Time-Trapped by ‘Worthy’ Advice: A Year Isn’t a Magic Number

If you’re embarking on the journey of writing your first book, fueled by passion and armed with ideas, then you’ve probably encountered the ‘worthy’ book coach ot publisher, cloaked in self-importance, wielding the “It must take a year if it’s any good’ rule like a sacred edict from the publishing gods. 

“Thou shalt not publish before the year’s end,” they decree, as if creativity and insight adhere to a strict 365-day fermentation period.

This brand of coach, puffed up with their own sense of significance and a catalogue of rigid rules, is more akin to a publishing dictator than a guide. They patrol the borders of your creativity like the grammar police at marking time, ready to slap your wrists for every perceived infraction. But here’s the rub: writing your isn’t about conforming to someone else’s draconian timelines or arbitrary standards of worthiness. It’s about tailoring your expertise into a format you know readers will love. (I mean you did take the time to look at competitor books’ one or five star reviews, yeah?) 

It’s time to get real: The journey to publishing a book is as unique as the expertise it shares. Some thorny topics are ready to be shared with the world after a few intense days or weeks of writing. Others may indeed require the slow burn of a few months of refinement and reflection. 

The critical flaw in the ‘worthy’ coach’s philosophy is the belief that they have the only way that works. What if that rule was set up in the 1950s? Now people can dictate and polish 1,000 words in an hour all on their phones, why can’t they put in a full week and write their book faster so long as quality doesn’t drop?

It’s time to call out these know-it-alls for what they are: barriers to genuine expression and creativity, robbing many authors of the chance of even starting.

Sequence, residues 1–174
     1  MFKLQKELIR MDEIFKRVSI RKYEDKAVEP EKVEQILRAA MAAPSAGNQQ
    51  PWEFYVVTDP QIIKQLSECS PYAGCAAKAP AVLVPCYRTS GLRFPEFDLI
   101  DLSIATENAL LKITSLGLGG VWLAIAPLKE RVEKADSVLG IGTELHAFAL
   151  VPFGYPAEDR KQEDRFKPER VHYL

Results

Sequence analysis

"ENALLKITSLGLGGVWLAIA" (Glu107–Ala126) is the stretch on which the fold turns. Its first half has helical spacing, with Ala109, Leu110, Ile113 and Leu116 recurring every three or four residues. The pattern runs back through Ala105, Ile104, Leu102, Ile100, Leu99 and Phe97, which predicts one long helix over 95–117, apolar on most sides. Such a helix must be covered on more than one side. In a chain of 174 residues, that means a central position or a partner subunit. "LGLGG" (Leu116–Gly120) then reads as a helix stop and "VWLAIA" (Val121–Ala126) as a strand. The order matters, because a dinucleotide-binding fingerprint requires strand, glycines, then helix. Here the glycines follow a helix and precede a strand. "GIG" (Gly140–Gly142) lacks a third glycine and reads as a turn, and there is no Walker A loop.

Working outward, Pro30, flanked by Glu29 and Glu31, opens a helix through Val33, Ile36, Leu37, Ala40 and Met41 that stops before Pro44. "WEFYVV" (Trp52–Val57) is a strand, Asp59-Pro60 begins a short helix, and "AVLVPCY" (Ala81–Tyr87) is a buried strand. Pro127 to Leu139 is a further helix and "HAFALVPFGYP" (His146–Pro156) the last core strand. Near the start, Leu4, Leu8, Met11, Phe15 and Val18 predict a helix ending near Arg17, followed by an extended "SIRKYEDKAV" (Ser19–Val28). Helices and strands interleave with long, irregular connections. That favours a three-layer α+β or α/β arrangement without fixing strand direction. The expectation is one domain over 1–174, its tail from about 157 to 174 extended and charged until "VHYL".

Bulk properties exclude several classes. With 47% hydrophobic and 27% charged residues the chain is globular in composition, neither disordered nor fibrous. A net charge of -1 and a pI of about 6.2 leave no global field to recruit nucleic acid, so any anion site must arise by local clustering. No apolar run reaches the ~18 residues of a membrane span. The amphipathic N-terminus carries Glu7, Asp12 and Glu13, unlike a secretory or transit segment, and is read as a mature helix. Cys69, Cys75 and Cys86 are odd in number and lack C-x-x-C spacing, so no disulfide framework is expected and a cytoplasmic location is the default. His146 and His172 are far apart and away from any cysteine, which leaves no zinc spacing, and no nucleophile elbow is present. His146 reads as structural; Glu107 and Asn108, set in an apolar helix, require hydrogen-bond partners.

A true book coach in the publishing world is one who recognises the diverse landscapes of authorship. They understand that the best books are born not from rigid adherence to rules but from the authentic and sometimes messy process of bringing a vision to life, whether it takes days, weeks or months.

The bottom line? Your book’s worth isn’t measured by an arbitrary calendar duration but by the depth of its content, the sincerity of its voice and its ability to meet reader and genre expectations. 

Break free from the arbitrary chains of the ‘worthy’ folk, and let your book’s true timeline unfold naturally. Be focused. Get it done. 

Remember, in the world of writing and publishing, the only rule worth following is to remain true to your vision to put together and write a book that makes a real difference in readers’ lives.

If you need IMPARTIAL FREE nonfiction advice, check out my online benchmarks. They tell you straight.

Begin your book with confidence: How Market-Ready is Your Book Idea?

Publish your book with confidence: Is Your Final Draft Publishing Ready?

Revive your book with confidence: Take Your Book From Hidden Gem to Headliner!

Tell your friends about these. Let’s head the shysters off at the pass, eh?

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